The Ralph Moore Podcast


Innovation & Contentment vs Frustration and Paralysis

Season 1, Ep. 5014


As a young person I learned that if I would seek God, he would meet my needs. This took the form of great jobs that I didn’t quite deserve. As I learned to save and invest money, I made more mistakes than most of you in this room. Yet, God turned even my mistakes into financial blessings. He is in the business of working miracles for those who take him seriously at his word. He will meet your needs!

Jesus told us this in Matthew, “Therefore do not worry, saying, 'What shall we eat?' or 'What shall we drink?' or 'What shall we wear?' 32 For after all these things the non-believers seek. For your heavenly Father knows that you need all these things. 33 But seek first the kingdom of God and His righteousness, and all these things shall be added to you.

In spite of great experiences, which I attribute to God, I still fight worry and anxiety which can lead to a spiritual, emotional and leadership paralysis. This is the polar opposite of faith-filled wonder leading to creativity and innovative leadership.


I’ve known chronic anxiety, or “Generalized Anxiety Disorder,” my entire life. Since I blew an emotional tire, I’ve discovered that several people in my extended family constantly struggled with anxiety and worry. It can’t be coincidental that they were prescribed the same medication as I take today.

Anxiety and discontent stuck to my family a long time. Its presence may have spiritual ramifications, but there were circumstantial contributions as well.

My great-grandfather lost a large cattle ranch to the Great Depression. He was a strong man who eventually rebuilt his life and raised my father after his parents divorced. As a child I loved to hear his stories about his forebears and the Oregon Trail. His colorful life included a stint as an old-time Western marshal. However, he lived in the grip of fear stemming from his Depression Era financial loss. For him, if it happened once it could always happen again.

When my dad turned fourteen, he left his grandfather to live with his mother in Portland, Oregon. He moved from the countryside in order to attend a specialized (public) school in the big city. Upon arrival, he discovered that his mom had no room for him—the depression impoverished her to the point that she could not afford an apartment large enough to include him.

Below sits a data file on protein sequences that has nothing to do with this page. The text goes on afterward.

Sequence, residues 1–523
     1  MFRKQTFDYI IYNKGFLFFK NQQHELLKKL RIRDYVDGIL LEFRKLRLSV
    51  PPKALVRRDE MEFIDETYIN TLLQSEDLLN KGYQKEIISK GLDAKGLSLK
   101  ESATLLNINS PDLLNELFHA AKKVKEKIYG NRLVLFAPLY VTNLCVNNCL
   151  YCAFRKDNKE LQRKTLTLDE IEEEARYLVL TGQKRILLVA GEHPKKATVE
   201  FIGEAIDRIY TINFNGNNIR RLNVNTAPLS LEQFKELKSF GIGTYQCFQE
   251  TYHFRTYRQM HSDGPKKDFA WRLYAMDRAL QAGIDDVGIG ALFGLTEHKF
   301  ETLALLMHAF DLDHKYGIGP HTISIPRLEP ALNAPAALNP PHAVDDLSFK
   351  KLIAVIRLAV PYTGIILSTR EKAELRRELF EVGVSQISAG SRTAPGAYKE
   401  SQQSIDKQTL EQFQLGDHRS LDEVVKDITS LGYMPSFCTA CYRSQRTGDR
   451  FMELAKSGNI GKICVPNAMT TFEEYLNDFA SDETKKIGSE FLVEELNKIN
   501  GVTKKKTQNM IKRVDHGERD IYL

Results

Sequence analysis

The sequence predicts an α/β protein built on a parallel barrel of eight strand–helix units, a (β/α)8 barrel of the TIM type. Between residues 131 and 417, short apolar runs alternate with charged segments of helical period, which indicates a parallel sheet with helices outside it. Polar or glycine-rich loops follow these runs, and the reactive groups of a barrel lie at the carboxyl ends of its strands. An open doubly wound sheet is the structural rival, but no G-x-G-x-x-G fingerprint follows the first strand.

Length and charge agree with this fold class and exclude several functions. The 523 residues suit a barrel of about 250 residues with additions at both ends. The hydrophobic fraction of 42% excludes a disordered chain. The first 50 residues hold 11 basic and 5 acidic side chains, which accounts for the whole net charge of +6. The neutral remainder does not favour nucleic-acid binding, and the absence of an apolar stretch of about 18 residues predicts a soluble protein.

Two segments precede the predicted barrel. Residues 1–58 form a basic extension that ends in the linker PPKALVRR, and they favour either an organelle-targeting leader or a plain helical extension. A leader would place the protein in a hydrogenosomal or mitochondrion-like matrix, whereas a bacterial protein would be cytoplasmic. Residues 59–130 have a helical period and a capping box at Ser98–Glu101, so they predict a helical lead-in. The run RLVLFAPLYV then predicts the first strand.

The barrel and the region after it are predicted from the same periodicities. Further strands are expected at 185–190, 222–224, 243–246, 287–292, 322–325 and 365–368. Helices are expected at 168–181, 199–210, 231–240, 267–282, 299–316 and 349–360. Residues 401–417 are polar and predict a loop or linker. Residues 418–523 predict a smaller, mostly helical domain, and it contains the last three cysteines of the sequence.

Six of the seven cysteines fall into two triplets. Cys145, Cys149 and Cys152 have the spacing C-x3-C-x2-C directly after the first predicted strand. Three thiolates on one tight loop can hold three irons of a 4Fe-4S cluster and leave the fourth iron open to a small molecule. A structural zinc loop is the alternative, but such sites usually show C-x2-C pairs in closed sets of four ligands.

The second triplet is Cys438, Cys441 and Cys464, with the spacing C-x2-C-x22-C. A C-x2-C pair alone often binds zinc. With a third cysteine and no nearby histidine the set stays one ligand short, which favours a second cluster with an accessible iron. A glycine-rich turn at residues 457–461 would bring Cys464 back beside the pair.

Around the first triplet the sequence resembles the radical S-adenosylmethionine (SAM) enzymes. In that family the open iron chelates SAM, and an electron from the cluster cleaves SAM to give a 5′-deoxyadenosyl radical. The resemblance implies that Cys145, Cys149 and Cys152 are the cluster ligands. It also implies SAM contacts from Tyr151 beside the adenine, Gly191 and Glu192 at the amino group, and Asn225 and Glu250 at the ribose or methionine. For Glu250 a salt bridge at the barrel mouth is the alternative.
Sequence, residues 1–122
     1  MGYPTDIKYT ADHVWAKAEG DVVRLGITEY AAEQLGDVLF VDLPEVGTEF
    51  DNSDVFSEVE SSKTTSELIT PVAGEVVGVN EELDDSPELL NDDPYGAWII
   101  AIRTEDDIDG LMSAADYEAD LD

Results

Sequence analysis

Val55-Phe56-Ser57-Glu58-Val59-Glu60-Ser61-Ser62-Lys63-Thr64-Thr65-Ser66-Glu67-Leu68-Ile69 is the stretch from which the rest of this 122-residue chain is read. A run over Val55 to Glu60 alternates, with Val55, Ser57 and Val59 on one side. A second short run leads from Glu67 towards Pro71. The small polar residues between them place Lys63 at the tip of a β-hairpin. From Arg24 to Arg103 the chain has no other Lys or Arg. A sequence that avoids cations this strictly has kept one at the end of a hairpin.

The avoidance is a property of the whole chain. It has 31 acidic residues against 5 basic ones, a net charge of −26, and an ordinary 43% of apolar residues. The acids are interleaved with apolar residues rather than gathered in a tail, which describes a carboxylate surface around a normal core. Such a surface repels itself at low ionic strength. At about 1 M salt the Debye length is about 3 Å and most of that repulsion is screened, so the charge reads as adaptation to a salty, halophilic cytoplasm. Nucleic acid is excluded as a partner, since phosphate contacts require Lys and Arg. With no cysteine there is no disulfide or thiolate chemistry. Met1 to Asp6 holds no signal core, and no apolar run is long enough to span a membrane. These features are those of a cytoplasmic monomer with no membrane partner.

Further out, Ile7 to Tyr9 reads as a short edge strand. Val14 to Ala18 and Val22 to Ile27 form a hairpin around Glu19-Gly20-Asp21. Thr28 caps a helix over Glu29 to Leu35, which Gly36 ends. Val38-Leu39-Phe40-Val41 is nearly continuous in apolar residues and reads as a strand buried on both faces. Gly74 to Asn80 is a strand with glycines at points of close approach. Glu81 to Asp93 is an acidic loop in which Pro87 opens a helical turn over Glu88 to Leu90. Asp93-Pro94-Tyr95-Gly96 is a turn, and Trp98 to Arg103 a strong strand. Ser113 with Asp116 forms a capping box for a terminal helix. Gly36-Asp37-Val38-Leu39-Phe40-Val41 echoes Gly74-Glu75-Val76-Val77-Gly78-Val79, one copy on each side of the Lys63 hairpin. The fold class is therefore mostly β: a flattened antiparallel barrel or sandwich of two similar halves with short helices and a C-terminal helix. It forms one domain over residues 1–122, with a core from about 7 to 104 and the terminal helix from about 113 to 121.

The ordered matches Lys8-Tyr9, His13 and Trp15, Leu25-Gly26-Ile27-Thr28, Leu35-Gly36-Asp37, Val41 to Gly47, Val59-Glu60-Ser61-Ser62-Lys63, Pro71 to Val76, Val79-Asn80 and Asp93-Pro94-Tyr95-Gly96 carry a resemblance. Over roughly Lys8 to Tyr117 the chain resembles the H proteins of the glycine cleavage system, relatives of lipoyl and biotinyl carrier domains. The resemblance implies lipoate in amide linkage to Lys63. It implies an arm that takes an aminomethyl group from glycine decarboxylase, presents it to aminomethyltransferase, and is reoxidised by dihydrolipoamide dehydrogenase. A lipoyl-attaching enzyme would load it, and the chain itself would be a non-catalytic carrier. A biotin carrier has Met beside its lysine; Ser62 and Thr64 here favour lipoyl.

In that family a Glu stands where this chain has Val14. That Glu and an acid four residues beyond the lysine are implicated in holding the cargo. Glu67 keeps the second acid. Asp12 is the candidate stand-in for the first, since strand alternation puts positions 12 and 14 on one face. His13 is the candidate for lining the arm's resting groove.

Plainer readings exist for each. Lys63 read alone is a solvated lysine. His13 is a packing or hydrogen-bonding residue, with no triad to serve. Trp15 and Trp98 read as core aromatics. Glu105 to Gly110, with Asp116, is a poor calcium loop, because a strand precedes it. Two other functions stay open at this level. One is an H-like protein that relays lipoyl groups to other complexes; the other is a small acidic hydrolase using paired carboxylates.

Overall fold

As a high school freshman, my dad found a job as a personal caretaker for a mentally ill man. On several occasions he awoke to find the man trying to strangle him. My father worked his way through high school with cardboard stuffed in the holes in his shoes. He would walk three miles, many Sunday afternoons, to stand on the corner in front of a friend’s house. He always hoped the family would invite him in for a hot meal. Most Sundays they did not. Lack of money heaped of anxiety on my dad during the days when he should have been playing sports, or just being a kid. That anxiety never left him.

In my family, anxiety hung in the air like fog over the ocean. My father worried about money until the day he died. That worry found its way into my own head.

You might ask, “Is this a spiritual matter or purely a product of environment?” “Is it possible that anxiety is inscribed on the chain of a person’s DNA?” Or, “is it a matter of a satanic assault against a family?” I don’t know the answers to those questions. Looking back, I do see that I have been prone to unreasonable worry all my life.


I’ve learned that I can exercise choice over how I will view my circumstances. I can choose to see through eyes of deprivation or to see the world in terms of God’s provision. The one leads to a sense of never having enough. The other is a path toward creativity.

I love the way the Message Bible puts this, “So watch your step. Use your head. Make the most of every chance you get. These are desperate times!” Ephesians 5:15 THE MESSAGE

To use my head, making the most of every opportunity and every resource is innovative thinking. The times are indeed desperate. Our country is divided. People are ignoring Jesus by the hundreds of millions. We need to think very differently than we’ve recently done.

God’s done what he’s done, so it’s time to look at ourselves and examine our thinking. We should ask, “Am I seeing my situation correctly in light of scripture that says he will meet my every need?” That question will lead to innovation. To wallow in what we don’t have—discontent leads to mental and operational paralysis.


It’s easy to overlook the Psalms as we formulate understanding over day-to-day experiences. I recently discovered an interesting passage linking praise to intended blessing (after decades of walking with Jesus I’m still learning the Bible). It goes, “May the peoples praise you, O God; may all the peoples praise you. 6 Then the land will yield its harvest, and God, our God, will bless us.” Psalm 67:5-6 NIV

The implication is an if/then proposition. If people praise God, then the land will yield a harvest and God will bless. It seems that praising God for what we have somehow unlocks our guarded hearts toward him allowing his hand of blessing to operate within our jurisdiction. The passage presents an interesting prayer.


Paul wrote the Philippian church thanking them for offerings they had sent his way. He acknowledges having learned to live with little and to live in abundance. He expands the educational part of this by saying, “…not that I was ever in need, for I have learned how to be content with whatever I have.” Philippians 4:11 NLT.